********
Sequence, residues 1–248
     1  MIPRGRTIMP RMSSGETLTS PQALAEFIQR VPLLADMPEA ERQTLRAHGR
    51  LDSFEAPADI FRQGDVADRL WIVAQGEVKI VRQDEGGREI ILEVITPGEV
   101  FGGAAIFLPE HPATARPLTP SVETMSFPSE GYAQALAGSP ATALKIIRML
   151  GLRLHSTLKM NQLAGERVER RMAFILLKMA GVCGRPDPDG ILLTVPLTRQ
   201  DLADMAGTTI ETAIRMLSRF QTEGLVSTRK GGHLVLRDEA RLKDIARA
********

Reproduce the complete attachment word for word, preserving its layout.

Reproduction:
Sequence, residues 1–248
     1  MIPRGRTIMP RMSSGETLTS PQALAEFIQR VPLLADMPEA ERQTLRAHGR
    51  LDSFEAPADI FRQGDVADRL WIVAQGEVKI VRQDEGGREI ILEVITPGEV
   101  FGGAAIFLPE HPATARPLTP SVETMSFPSE GYAQALAGSP ATALKIIRML
   151  GLRLHSTLKM NQLAGERVER RMAFILLKMA GVCGRPDPDG ILLTVPLTRQ
   201  DLADMAGTTI ETAIRMLSRF QTEGLVSTRK GGHLVLRDEA RLKDIARA